Having separated out landships as a new kind of construction, it was time to start figuring out how to draw their wheels and legs.
I just got quoted in this article by 20 Minuten that argues Swiss game developers lack a certain grand vision to make it big. I'd like to expand on my quotes here, because I don't think the issue is exactly a lack of vision.
Having covered the kind of stompy war machines I want to make in the last blog post, let's get into how to implement them.
Landships? But the game, it's called, um...
I think we've pretty much established that feature development in this game runs on the basis of what I think is cool. Giant stompy war machines are cool, and a staple of Steampunk fiction.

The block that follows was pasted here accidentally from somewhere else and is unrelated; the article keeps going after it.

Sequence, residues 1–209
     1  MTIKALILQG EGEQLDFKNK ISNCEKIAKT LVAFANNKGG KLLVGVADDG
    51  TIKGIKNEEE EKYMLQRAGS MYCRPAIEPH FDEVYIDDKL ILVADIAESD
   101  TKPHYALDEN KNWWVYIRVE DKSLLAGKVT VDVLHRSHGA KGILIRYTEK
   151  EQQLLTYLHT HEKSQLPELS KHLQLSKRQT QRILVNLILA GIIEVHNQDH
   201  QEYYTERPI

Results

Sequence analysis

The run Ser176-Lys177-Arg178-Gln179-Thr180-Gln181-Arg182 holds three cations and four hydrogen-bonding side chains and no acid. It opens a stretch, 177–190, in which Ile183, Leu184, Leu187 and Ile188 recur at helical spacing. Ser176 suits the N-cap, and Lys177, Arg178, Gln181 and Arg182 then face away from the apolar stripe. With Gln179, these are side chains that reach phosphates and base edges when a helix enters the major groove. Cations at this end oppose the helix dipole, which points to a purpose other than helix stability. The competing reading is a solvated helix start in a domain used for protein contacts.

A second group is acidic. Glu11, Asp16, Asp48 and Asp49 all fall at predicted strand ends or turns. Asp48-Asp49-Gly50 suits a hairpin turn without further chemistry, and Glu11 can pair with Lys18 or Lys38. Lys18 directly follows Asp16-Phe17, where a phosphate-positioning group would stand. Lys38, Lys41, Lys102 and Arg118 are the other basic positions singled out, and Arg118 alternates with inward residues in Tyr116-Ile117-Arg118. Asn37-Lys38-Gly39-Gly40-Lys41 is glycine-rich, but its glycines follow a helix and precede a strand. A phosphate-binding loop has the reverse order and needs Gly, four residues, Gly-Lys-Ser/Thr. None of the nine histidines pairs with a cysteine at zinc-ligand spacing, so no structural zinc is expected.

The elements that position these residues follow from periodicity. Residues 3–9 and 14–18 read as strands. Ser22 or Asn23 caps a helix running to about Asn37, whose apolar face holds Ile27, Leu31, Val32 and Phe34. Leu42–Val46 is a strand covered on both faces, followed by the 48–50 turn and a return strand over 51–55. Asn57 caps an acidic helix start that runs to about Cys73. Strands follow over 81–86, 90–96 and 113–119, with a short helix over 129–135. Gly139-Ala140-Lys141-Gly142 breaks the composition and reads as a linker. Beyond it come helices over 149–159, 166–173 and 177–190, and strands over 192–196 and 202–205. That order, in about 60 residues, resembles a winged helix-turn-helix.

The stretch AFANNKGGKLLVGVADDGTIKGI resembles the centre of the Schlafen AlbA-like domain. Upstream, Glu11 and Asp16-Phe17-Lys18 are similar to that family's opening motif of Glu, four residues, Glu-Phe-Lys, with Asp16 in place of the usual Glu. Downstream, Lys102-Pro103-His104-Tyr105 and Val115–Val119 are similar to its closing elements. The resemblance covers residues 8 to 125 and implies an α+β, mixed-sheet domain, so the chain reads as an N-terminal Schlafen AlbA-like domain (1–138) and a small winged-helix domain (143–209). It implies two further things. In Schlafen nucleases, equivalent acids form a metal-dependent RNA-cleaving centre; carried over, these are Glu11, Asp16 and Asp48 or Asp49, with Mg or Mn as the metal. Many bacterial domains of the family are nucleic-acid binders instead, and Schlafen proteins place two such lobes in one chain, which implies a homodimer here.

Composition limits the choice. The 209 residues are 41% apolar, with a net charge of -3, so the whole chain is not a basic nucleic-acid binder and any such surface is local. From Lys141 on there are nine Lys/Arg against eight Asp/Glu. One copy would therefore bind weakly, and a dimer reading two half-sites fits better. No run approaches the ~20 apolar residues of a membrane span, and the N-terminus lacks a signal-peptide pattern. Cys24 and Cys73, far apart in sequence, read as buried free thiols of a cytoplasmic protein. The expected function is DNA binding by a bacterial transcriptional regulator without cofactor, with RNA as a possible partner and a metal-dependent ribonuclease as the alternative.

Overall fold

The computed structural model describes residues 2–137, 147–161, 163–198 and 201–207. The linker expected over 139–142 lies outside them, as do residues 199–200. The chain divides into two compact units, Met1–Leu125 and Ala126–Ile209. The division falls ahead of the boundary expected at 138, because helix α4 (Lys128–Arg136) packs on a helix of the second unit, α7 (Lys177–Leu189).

Airships 6.2 is out, bringing you the following:
This is likely the final feature release for version 6, so there may be a 6.2.1 for bug fixes, but the next big one will be version 7 in a number of weeks. More on that in a future post.
The up-to-date development plan for Airships: Conquer the Skies.
Modern graphics cards are complicated beasts. Treat them right and they're extremely powerful, but use them badly and you produce a lot of heat to no great effect. They like to do things in big batches: give them thousands of polygons in one go, and they're fast, but send them information piecemeal and they'll spend most of their time on overhead.
So why do computers that can run Skyrim on high settings struggle with big fights in Airships, a mere 2D game? The problem is that there's so many small things to draw: each module, each tile, each individually rotated limb of a crew member. Until recently, the game did this in an utterly inefficient way.
Airships 6.1 is out! Improvements:
Next up will be work on performance improvements before starting on major new feature work for version 7.